Will Favre ever make a decision?

Quarterback need to make up his mind soon

One of Brett Favre's chief responsibilities on the football field is to make decisions. Should I throw there, there or there? Should I throw the ball away? But when it comes to making up his mind about retirement, Favre is getting sacked time and time again, taking way too much time to make a decision.

Maybe the decisions on the football field are easier, because if you do not get rid of the football a 300-pound defensive lineman will bury you into the ground.

Whatever the reason, Favre needs to make a decision for everyone involved. From "Joe Packers Fan" to GM Ted Thompson, a decision needs to be made so the Packers can set sail in the direction they choose.

Favre's latest comments raised a "red flag." Recently, he said his decision would be based on what Thompson and the Packers do in free agency and the draft. This raised eyes, because the draft isn't until the final two days of April. Who knew Favre was going to wait this long? Furthermore, Favre had previously stated his retirement decision was family-related. It was thought Favre was being drawn into retirement so he could watch his oldest daughter, Brittany, play sports her senior year of high school in Mississippi. In addition, his wife Deanna's fight with breast cancer, which is now under control, was thought to be a reason.

But not anymore, according to Favre. It comes down to the Packers making the proper moves to signal the team will try to win in 2006, not rebuild. First of all, the Packers or any other NFL team will never admit to rebuilding, because it admits you're expecting to lose.

Still, what the Packers do with their $19 million available under the salary cap will tell us what they're thinking.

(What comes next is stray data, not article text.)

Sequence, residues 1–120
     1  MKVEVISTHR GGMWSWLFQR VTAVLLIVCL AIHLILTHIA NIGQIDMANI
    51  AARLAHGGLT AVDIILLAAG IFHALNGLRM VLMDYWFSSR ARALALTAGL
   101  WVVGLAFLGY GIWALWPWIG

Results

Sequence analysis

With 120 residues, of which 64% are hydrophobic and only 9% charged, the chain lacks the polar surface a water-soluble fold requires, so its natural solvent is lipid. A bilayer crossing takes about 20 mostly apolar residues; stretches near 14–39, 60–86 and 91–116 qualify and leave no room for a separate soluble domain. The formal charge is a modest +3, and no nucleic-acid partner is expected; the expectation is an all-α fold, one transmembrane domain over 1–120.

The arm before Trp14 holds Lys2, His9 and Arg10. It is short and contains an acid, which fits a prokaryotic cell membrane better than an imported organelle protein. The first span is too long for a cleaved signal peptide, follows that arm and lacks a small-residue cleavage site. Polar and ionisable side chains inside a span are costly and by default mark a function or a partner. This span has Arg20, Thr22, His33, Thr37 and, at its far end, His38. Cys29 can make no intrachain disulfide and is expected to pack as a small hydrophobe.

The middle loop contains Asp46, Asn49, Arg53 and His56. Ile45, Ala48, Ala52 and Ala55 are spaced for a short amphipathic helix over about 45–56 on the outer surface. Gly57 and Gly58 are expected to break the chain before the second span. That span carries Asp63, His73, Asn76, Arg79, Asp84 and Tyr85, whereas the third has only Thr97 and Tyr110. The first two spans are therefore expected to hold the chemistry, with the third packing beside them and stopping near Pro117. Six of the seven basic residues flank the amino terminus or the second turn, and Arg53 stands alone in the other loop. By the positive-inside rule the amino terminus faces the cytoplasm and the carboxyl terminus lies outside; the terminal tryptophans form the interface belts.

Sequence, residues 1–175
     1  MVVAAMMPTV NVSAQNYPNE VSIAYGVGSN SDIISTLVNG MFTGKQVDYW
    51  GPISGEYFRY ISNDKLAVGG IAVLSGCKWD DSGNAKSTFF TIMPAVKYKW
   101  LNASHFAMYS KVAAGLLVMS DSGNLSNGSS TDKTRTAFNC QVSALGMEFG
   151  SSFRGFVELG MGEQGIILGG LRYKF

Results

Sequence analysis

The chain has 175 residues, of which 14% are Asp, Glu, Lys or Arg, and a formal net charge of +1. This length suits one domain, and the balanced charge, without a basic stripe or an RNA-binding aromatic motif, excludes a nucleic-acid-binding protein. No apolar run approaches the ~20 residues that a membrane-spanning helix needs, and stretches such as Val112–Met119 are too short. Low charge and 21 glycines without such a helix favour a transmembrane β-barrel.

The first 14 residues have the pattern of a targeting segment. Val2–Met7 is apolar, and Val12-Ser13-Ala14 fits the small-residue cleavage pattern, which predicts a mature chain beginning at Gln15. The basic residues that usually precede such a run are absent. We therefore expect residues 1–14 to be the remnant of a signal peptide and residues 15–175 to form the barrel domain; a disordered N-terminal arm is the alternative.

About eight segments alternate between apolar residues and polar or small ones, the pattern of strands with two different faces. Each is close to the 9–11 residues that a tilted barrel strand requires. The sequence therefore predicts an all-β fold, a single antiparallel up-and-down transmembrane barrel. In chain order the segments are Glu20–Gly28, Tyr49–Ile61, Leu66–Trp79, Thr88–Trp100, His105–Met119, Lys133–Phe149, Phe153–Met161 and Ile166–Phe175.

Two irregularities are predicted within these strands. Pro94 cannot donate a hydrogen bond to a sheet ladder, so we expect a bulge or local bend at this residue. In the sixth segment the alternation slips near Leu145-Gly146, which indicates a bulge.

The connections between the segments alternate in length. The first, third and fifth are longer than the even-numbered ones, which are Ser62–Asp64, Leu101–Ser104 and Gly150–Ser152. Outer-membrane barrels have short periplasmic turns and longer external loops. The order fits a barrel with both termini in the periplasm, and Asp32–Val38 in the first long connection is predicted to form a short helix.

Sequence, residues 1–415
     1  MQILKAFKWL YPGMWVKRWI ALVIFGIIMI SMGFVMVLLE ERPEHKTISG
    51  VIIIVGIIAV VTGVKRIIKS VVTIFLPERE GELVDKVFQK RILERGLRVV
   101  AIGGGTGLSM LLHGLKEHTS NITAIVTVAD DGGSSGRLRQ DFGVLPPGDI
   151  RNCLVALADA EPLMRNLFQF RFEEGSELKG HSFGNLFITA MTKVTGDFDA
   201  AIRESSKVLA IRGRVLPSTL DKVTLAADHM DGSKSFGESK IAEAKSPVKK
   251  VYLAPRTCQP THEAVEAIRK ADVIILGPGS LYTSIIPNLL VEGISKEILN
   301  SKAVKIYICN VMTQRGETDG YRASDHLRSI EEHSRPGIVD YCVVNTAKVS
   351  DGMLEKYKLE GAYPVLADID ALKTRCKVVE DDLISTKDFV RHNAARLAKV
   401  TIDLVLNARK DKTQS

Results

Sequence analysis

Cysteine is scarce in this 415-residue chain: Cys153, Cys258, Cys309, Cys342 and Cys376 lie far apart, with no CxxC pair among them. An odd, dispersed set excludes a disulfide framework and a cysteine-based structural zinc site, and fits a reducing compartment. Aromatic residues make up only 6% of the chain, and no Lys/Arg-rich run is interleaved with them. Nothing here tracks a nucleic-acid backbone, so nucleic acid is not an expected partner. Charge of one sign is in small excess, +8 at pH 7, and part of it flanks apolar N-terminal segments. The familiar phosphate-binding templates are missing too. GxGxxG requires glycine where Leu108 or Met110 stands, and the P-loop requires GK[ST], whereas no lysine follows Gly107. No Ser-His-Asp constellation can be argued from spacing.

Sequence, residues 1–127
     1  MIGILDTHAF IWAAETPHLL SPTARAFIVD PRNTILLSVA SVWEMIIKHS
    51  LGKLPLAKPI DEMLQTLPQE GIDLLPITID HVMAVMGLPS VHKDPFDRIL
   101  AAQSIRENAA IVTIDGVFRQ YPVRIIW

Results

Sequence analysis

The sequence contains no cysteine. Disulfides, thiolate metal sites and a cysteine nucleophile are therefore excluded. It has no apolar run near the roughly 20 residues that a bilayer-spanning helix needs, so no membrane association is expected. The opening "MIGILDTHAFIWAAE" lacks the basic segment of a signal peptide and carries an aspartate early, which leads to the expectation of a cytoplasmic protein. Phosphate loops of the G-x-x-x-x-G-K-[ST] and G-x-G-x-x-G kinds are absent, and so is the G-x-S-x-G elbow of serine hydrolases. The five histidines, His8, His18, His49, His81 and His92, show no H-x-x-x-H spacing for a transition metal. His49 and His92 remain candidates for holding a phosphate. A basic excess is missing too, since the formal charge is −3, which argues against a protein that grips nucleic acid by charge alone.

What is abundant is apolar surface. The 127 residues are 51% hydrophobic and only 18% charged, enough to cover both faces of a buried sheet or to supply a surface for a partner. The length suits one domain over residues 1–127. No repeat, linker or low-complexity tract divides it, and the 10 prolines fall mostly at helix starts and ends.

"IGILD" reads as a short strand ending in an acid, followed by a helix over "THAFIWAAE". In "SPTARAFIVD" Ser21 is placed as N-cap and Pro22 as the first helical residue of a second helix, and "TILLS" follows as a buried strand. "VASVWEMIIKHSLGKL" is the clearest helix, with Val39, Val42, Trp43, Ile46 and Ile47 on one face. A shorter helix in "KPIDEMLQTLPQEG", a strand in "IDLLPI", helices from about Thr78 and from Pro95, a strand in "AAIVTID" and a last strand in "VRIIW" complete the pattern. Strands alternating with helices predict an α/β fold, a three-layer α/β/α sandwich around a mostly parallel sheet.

The ball's in the Packers' court. Do they go for a dunk, or pass the ball around for a while?

Some wonder if Favre's $3 million bonus due next week is a big deal. It's not.

The Packers will pay Favre the $3 million, and if Favre retires he must return the bonus, just as Barry Sanders was forced to with Detroit when he retired after receiving a bonus.

It also was the same with Miami and Ricky Williams, which is why Williams returned in 2005. He had already spent his $8 million bonus. But the real story here is Favre. He simply cannot make a decision. It's been two months and he still has no idea.

Covering Favre during his career, some things shout out he has problems making decisions, whether they are football-related or not. Despite having a daughter with Deanna prior to marriage, and having a relationship with her since high school, it took Favre how long to decide Deanna was the right person for him?

So long he almost lost her, but for the record, 12 years.

The retirement talk over the last few seasons could've been limited if Favre would've said something concrete. He never did. He never had a solid answer for the dreaded "R" question. If he truly didn't know, he could've said, "I will not address any retirement questions until the season is over." By doing that, no decision is made, but at least it prevented us from hearing him field questions about it on a consistent basis and saying nothing.

And now he has avoided making the decision all on his own, as he has tied the Packers into his decision, saying their off-season moves will dictate his decision.

If he's not on the football field, Favre seemingly can't make a clear-cut decision, unless it deals with what tractor to buy or what driver he should add to his golf bag.

It appears the only way Favre can make a decision on his own about retirement is to bring John Michels out of retirement, have him try to block Michael Strahan, who will blow by Michels and head for Favre's head. Then, Favre will be pressed into a decision: Retire or not?

Knowing that won't happen, all we can do is watch the Packers' moves in the off-season and see what Favre thinks of them. His decision will tell us what he thinks, unless of course he decides he can't decide.

Doug Ritchay

Editor's note: Doug Ritchay is a regular contributor to PackerReport.com. E-mail at dritchay@sbcglobal.net.

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